Communicating Psychological Science with the Public: Interview Series
Communicating psychological science beyond scientists in the field is essential, both to foster an informed public and to demonstrate the inherent value that psychological research offers. This four-part interview series provides first-hand experiences and tips from experts in the field and media communication on ways to communicate psychological science more effectively at different scales through opinion pieces, podcasts, and blogs.
This is a text block to give us some space
June Gruber, University of Colorado, Boulder
June Gruber is an associate professor of Psychology and Neuroscience at the University of Colorado, Boulder, and director of the Positive Emotion and Psychopathology Laboratory; She has authored numerous articles and books that focus on mental health and positive emotion in adolescents and adults, with a focus on bipolar and related mood disorders. June teaches courses on emotion, abnormal psychology, and the science of happiness and has created a free online course in Human Emotion available through YouTube, and has given a public TEDx talk on the “dark side” of happiness. She is also engaged in outreach and dissemination on mental well-being for students and the broader public, with a recent focus on the mental health crisis sparked by the COVID-19 pandemic.
David A. DeSteno, Northeastern University
David studies the ways in which emotions guide decisions and behaviors fundamental to social living. By examining moral and economic behaviors such as compassion and trust, cooperation and resilience, and dishonesty and prejudice, his work tries to illuminate how emotions can optimize our actions in favor of the greater good or, by virtue of bugs in the system, lead to suboptimal or biased outcomes. His research continually shows that human character is highly influenced by forces outside awareness and is much more variable than we tend to think. Recognizing how those forces actually operate guides his efforts to work with public and private sector partners to design scalable nudges to enhance well-being.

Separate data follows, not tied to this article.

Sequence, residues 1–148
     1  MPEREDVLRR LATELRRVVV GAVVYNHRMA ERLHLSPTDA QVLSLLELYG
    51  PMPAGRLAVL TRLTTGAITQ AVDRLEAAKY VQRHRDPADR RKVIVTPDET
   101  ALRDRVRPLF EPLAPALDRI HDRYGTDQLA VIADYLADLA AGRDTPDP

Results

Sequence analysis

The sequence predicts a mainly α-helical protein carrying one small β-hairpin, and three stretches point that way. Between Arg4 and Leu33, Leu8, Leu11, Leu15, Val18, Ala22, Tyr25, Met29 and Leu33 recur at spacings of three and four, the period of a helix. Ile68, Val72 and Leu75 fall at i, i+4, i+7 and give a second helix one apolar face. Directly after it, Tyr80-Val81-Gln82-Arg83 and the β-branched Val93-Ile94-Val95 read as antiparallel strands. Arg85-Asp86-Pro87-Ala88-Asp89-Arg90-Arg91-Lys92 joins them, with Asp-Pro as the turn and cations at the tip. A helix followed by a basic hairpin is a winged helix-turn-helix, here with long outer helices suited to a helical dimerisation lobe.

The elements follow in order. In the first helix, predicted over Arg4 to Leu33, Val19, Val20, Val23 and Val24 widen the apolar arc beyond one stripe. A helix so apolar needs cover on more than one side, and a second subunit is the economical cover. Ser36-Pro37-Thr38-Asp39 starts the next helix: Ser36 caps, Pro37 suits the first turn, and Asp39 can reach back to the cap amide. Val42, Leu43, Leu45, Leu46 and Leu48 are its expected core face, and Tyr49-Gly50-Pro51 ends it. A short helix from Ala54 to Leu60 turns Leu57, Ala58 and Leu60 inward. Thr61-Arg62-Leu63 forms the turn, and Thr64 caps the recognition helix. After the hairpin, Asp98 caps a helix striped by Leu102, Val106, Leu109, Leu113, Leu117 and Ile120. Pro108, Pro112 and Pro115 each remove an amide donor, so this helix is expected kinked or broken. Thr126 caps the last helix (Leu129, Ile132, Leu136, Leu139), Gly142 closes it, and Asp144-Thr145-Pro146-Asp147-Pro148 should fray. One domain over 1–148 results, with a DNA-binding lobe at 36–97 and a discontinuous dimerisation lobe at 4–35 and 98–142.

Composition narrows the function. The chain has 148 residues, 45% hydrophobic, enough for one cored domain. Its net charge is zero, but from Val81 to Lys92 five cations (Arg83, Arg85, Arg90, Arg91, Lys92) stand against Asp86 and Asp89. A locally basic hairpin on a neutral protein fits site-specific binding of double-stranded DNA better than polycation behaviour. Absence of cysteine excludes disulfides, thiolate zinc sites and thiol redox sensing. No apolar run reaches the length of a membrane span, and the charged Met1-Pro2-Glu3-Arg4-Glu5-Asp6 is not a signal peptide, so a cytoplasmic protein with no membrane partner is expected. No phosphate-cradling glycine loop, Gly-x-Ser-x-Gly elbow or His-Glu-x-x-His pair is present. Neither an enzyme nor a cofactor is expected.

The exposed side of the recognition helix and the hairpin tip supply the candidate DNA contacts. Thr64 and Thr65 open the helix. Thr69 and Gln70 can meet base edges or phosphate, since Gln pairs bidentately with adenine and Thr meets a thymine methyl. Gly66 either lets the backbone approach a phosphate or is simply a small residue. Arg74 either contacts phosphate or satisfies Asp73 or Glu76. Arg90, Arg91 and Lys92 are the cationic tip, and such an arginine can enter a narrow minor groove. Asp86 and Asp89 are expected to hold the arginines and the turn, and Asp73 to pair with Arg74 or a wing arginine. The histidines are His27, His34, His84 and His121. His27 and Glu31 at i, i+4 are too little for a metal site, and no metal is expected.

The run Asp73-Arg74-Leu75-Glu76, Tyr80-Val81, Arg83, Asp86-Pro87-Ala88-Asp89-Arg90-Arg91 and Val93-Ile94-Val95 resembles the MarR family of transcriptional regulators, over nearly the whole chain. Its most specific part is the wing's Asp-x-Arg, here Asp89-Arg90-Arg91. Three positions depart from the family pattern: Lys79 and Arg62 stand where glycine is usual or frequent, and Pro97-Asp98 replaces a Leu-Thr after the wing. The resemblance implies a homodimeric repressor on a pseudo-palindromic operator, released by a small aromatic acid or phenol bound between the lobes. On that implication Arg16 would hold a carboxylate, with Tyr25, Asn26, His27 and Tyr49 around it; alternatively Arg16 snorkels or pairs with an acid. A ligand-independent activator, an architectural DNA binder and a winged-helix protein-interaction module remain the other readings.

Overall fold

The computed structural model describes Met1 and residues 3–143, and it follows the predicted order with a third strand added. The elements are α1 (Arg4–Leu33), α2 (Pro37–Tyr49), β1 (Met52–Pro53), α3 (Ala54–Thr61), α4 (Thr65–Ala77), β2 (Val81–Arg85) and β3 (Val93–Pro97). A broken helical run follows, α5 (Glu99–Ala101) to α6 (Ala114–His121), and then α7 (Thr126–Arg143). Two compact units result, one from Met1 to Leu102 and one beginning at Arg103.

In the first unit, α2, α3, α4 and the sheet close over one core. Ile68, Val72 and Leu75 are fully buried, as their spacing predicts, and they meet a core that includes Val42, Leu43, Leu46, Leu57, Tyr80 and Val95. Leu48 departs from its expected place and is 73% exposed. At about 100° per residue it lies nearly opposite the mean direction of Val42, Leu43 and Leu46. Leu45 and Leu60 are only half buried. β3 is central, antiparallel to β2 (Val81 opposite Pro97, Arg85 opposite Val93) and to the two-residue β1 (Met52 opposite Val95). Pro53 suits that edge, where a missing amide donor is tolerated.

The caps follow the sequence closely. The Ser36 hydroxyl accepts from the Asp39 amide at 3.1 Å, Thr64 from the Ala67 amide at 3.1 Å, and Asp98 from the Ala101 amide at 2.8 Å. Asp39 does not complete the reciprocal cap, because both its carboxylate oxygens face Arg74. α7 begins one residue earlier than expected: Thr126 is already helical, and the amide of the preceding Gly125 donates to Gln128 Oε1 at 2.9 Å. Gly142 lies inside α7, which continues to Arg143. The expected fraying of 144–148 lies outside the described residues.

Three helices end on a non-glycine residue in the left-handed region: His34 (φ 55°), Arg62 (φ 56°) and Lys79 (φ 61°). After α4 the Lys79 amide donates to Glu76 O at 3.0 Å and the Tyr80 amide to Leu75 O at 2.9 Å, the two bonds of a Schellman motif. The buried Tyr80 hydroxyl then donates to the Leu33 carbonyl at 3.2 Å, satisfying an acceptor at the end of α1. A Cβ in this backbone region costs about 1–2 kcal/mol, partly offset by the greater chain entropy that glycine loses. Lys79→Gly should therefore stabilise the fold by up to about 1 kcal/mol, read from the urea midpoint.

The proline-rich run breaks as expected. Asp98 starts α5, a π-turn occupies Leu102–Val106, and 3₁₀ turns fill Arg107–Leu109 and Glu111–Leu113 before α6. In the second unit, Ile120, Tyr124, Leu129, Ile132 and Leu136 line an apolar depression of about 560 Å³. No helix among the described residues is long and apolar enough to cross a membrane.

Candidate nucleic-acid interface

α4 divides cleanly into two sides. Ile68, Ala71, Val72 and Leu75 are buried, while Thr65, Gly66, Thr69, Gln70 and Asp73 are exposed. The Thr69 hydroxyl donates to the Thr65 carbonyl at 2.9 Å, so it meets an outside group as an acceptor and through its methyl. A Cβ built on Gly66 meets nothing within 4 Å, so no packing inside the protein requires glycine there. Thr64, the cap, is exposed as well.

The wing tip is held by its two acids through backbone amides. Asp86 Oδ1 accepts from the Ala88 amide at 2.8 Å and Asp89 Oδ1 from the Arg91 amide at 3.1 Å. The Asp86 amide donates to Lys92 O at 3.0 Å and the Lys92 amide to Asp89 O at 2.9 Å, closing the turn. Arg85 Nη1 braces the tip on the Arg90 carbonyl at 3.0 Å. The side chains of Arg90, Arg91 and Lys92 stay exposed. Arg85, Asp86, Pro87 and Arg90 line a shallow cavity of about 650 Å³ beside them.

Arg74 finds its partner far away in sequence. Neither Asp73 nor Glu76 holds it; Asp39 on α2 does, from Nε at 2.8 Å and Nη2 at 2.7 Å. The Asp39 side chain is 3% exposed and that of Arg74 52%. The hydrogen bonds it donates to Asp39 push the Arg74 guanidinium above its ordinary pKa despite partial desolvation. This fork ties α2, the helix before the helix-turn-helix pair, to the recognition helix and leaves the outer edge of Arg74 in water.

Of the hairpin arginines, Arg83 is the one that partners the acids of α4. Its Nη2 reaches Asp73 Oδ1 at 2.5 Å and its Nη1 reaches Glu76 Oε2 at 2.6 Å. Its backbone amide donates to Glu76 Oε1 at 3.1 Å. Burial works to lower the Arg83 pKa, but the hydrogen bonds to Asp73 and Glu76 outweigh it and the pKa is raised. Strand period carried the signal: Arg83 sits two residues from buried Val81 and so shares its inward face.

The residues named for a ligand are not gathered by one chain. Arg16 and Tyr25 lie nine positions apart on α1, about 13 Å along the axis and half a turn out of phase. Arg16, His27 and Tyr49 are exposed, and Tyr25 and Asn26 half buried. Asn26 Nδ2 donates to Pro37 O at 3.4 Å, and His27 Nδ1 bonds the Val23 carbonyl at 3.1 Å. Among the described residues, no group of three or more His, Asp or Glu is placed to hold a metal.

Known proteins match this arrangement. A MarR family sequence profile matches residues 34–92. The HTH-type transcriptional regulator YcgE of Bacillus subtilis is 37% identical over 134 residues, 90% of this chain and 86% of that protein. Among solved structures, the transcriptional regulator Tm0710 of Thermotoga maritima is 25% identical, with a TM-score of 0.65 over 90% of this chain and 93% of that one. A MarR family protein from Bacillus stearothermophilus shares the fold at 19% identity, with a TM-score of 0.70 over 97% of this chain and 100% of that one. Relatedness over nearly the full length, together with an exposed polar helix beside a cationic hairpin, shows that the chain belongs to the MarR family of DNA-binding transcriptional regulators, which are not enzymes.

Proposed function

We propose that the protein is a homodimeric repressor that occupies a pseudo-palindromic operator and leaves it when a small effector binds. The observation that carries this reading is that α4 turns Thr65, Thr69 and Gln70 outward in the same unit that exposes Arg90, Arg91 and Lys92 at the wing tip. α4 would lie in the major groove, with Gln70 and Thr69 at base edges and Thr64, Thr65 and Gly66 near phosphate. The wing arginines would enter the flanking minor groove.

Dave Nussbaum, University of Chicago, Booth School of Business
Dave Nussbaum is an adjunct associate professor of Behavioral Science at the University of Chicago Booth School of Business. For the past several years Dave has been working to help psychologists and the media bridge their gaps in understanding. With the mission of sharing research with the public, ideally in the researchers’ own words, he works with dozens of researchers each year to help them pitch their writing to news outlets including the New York Times, Washington Post, Boston Globe, Scientific American, and many others. He is also a founder and Senior Science Advisor for the Behavioral Scientist and communications director for the Behavioral Science and Policy Association. In this conversation with David DeSteno, Dave discusses how best to approach editorial writing and tactics to get the attention of an editor.
James Ryerson, Senior Editor, The New York Times
James Ryerson has been an editor at The New York Times since 2003, first at the Sunday magazine and now at the Op-Ed page. Before that, he was an editor at Legal Affairs, Lingua Franca, and Feed. In 2018, he was given the Excellence in Science Journalism Award from the Society for Personality and Social Psychology. In this conversation with David DeSteno, James discusses what topics most interest editors and how to stand out among competing voices when reaching out to the media.